CARACAS (Reuters) - President Hugo Chavez returned home to Venezuela on Thursday after a first session of radiation treatment in Cuba that he hopes will cure his cancer and allow him to win a new six-year term in October.
The 57-year-old socialist leader has said he will be flying back and forth to Havana over the coming weeks as he undergoes therapy, removing himself from the political stage just as his election rival gears up his campaign.
Very little is known about Chavez’s condition - he has had three cancer operations in less than a year - so doubts remain about the future of the man who has dominated politics in South America’s biggest oil exporter for the last 13 years.
“It’s a hard battle ... I‘m good and will continue to be good. I’ve taken the treatment very well, thanks to God,” he said during an hour-long pre-dawn speech broadcast on state TV from the Miraflores presidential palace.
The opposition has demanded the president appoint a temporary leader to run the government during his absences in Cuba, something that Chavez has repeatedly rejected.
“I may have reduced my speed, but the government has accelerated ... there is no power vacuum,” he said on Thursday.
He said he expected to return to Cuba on Saturday to resume the radiation treatment, and to stay there for four more days.
The president started the radiation therapy last Saturday, saying he would undergo one session a day for five consecutive days, then fly home to rest for a couple of days. Overall, Chavez has said, the treatment should last four or five weeks.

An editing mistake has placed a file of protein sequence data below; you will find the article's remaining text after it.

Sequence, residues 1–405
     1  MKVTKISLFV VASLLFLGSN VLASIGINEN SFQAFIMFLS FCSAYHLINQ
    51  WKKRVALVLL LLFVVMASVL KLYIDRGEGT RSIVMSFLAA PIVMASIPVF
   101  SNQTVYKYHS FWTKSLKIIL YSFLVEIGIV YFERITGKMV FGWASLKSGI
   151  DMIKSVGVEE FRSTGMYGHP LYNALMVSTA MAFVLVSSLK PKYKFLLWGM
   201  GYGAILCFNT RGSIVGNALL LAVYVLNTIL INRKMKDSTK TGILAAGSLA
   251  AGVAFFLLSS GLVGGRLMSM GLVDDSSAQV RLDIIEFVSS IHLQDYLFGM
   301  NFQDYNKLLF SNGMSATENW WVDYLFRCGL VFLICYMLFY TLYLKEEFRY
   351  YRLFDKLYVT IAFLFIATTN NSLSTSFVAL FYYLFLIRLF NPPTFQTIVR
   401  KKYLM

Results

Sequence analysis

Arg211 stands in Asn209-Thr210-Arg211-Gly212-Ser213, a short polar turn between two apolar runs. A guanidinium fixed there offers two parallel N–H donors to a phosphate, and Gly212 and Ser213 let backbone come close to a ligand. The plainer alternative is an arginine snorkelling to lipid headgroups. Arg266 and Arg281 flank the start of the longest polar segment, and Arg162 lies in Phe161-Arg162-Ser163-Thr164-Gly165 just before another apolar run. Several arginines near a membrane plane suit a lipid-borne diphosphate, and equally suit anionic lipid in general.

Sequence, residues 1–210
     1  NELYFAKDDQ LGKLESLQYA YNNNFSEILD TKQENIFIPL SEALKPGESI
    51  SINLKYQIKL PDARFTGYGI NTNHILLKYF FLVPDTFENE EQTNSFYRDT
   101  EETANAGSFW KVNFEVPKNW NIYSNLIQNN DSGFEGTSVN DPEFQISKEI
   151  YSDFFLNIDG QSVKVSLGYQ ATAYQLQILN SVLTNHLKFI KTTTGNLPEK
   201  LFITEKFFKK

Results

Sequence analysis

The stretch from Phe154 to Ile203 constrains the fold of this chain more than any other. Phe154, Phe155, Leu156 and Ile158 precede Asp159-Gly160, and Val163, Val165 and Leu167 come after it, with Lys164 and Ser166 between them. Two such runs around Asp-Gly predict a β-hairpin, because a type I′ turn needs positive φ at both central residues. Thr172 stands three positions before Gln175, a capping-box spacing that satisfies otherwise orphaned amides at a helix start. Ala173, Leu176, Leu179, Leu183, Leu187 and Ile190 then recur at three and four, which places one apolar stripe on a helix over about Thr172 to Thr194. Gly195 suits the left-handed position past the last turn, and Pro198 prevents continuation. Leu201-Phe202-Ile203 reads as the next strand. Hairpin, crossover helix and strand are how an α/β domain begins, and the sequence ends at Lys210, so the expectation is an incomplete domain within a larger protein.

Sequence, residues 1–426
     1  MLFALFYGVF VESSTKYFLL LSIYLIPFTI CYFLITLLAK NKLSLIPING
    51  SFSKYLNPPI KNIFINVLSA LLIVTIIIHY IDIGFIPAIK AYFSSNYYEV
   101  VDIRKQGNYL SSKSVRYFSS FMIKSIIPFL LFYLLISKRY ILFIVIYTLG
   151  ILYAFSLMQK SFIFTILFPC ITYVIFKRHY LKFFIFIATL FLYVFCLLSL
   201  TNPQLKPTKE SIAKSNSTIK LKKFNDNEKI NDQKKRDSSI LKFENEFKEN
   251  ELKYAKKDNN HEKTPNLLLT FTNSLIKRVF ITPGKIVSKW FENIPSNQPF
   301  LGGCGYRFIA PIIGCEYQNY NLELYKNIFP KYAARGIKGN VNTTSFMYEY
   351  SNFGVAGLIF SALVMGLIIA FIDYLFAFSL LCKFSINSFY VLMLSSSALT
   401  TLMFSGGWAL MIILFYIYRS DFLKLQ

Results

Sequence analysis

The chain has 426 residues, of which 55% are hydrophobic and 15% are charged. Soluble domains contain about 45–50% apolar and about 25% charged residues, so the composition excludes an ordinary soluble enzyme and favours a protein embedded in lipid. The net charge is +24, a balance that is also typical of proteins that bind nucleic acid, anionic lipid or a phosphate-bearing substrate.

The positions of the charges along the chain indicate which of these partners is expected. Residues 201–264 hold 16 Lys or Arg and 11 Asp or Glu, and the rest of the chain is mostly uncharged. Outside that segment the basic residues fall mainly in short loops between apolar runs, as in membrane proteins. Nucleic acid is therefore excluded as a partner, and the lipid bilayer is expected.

He previously underwent four sessions of chemotherapy that caused him to lose his hair. It has since has grown back.
The Venezuelan leader prefers being treated in Cuba because he is guaranteed discretion on the tightly controlled island and can lean on the counsel of his friend and mentor Fidel Castro.
In his speech, in which he appeared animated and smiled and joked with his ministers, he forecast he would win the October 7 election with more than 60 percent of votes. Most recent polls give him a strong lead over his opposition rival, youthful Miranda state Governor Henrique Capriles.
Political analysts say his strength in the polls is due to his strong emotional connection with the country’s poor majority, as well as heavy state spending on popular welfare programs.
The surveys consistently show, however, that as many as a third of Venezuelans remain undecided, and both camps have been waging a fierce battle to win them over.
“The undecideds are definitely going to define the election,” Luis Vicente Leon, president of Datanalisis, said on Thursday at the presentation of the pollster’s results from March, which gave Chavez 44 percent to 31 percent for Capriles.
Leon said sympathy over Chavez’s illness had supported his ratings and taken the edge off the political momentum Capriles gained when he easily won the opposition’s primary in February.
“Capriles has not lost the battle,” he said. “Clearly it is not an easy task, but the opposition never had a real option at presidential elections before, and now Capriles has a chance.”
Capriles, 39, is widely seen as the opposition’s best hope of unseating Chavez after years of failures via the ballot box and street protests. He has set off on a nationwide “house-by-house listening tour” to kick-start his campaign.
The center-left politician has largely avoided direct verbal clashes with the president and is promising a Brazilian-style government for Venezuela that would promote free-market policies alongside strong social programs.
Chavez, known for his radical populism, nationalizations and fierce anti-U.S. rhetoric, has denounced him as the “ultra-right” candidate and a treasonous puppet of Washington.
Separately on Thursday, Venezuela’s national electoral authority confirmed October 7 as the election date - squashing rumors that the poll might be brought forward, or delayed, due to Chavez’s cancer treatment.
Additional reporting by Mario Naranjo, Marianna Parraga and Deisy Buitrago; editing by Mohammad Zargham